In QWOP, you are a runner in a 100-meter race at some kind of Olympic Games. The letters correspond to different movements for the player character.

Hilarity ensues when players attempt to negotiate ragdoll physics to win the race.

There may not be any obstacles or balance issues, but the movement is similar, no?

The arms flail, the legs split in odd ways, and even the head flops around a little.

Did Google’s DeepMind unknowingly recreate the video game QWOP?

Probably not, but What if it did?

That would mean that QWOP’s rudimentary movement mimics early hand-eye coordination learning. Or, at least, it mimics what a human created AI thinks is early hand-eye coordination learning.

In recent news, DeepMind moved beyond walking to navigating city streets. But DeepMind has no need of maps. Instead, it uses Google’s Street View images to walk around New York City.

Google also leveraged DeepMind’s AI to improve various Google text-to-speech functions.

DeepMind developed the technology WaveNet, too, but it uses machine learning (unlike the walking simulator).

Since even the “godfather” of AI thinks machine learning isn’t the way to create true AI, maybe we need something new. Maybe DeepMind’s reinforcement learning approach is one piece of the true AI puzzle.

Only time will tell. In the meantime, visit Foddy.net and play QWOP for five minutes. Then, get super frustrated, give up, and do something else entirely. Or, you can play CLOP, the unicorn version of the game that’s just as stressful if not worse.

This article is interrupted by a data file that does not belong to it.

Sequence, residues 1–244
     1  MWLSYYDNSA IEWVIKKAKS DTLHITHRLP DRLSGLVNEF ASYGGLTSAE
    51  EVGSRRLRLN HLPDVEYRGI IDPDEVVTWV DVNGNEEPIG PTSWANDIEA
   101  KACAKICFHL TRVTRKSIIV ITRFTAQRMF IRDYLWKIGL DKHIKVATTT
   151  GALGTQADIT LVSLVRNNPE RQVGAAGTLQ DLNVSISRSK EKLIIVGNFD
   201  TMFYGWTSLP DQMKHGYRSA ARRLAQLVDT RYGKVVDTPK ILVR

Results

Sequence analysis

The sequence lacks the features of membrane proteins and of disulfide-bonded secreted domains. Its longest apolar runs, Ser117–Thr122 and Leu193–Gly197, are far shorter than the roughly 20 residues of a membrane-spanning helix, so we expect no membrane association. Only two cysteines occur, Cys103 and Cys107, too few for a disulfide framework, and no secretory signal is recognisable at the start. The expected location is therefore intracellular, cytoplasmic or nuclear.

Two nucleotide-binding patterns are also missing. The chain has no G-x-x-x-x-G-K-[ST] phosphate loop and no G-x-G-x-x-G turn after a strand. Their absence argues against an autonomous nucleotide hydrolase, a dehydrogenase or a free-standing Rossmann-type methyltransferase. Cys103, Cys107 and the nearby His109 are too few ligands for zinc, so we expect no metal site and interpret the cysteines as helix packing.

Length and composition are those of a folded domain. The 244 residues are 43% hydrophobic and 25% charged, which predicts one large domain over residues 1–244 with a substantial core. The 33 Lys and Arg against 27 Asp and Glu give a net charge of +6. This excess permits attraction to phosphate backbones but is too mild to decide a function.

What do you think DeepMind’s AI will teach itself next?

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Juliet Childers

Content Specialist and EDGY OG with a (mostly) healthy obsession with video games. She covers Industry buzz including VR/AR, content marketing, cybersecurity, AI, and many more.

Comments (2)
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  1. theguy126 April 19 at 11:49 pm GMT

    No matter how much mental acrobatics you perform, no matter how much you stretch your imagination, it is impossible to justify the claim that an AI “invented” the very environment it’s trained in.

    If anything, the programmers invented an environment similar to QWOP and the AI learned how to thrive in it. That’s it. It’s a great accomplishment, but it’s from a long long time ago, and has nothing to do with an AI “inventing” new games.

    The reason I am so critical, is that I regularly trawl google for the latest breakthroughs in AI, and this article being written on Apr 18 2018 makes me think that DeepMind has accomplished a new feat very recently. Then I am let down after realizing this is nothing but a rehash of year-old news, with a “spin” that doesn’t even make logical sense.

    • Juliet Childers May 02 at 4:29 pm GMT

      Thank you for the feedback!

      I definitely understand where you’re coming from. We have been experimenting with some different title tactics recently, so thank you for speaking up. Now we know what to avoid!

      We’ll be more mindful of how we craft titles and beginning synopses in the future.